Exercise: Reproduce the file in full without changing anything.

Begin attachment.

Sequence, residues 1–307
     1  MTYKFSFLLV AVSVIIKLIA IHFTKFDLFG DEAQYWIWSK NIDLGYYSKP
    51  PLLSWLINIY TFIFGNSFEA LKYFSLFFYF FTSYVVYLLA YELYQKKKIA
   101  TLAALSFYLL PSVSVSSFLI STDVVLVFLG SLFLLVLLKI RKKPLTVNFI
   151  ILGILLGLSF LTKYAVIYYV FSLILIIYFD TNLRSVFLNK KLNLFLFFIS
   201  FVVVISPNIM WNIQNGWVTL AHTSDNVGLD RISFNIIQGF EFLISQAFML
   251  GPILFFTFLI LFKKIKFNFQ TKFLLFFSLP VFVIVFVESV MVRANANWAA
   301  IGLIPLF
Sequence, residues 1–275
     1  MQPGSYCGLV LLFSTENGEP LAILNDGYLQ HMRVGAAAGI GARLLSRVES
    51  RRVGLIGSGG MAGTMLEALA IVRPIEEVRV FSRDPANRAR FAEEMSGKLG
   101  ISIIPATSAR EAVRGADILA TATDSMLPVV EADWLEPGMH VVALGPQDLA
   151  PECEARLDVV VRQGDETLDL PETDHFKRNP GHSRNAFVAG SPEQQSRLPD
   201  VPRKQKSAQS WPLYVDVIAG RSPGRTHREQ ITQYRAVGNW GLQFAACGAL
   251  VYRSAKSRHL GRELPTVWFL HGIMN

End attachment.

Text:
Sequence, residues 1–307
     1  MTYKFSFLLV AVSVIIKLIA IHFTKFDLFG DEAQYWIWSK NIDLGYYSKP
    51  PLLSWLINIY TFIFGNSFEA LKYFSLFFYF FTSYVVYLLA YELYQKKKIA
   101  TLAALSFYLL PSVSVSSFLI STDVVLVFLG SLFLLVLLKI RKKPLTVNFI
   151  ILGILLGLSF LTKYAVIYYV FSLILIIYFD TNLRSVFLNK KLNLFLFFIS
   201  FVVVISPNIM WNIQNGWVTL AHTSDNVGLD RISFNIIQGF EFLISQAFML
   251  GPILFFTFLI LFKKIKFNFQ TKFLLFFSLP VFVIVFVESV MVRANANWAA
   301  IGLIPLF
Sequence, residues 1–275
     1  MQPGSYCGLV LLFSTENGEP LAILNDGYLQ HMRVGAAAGI GARLLSRVES
    51  RRVGLIGSGG MAGTMLEALA IVRPIEEVRV FSRDPANRAR FAEEMSGKLG
   101  ISIIPATSAR EAVRGADILA TATDSMLPVV EADWLEPGMH VVALGPQDLA
   151  PECEARLDVV VRQGDETLDL PETDHFKRNP GHSRNAFVAG SPEQQSRLPD
   201  VPRKQKSAQS WPLYVDVIAG RSPGRTHREQ ITQYRAVGNW GLQFAACGAL
   251  VYRSAKSRHL GRELPTVWFL HGIMN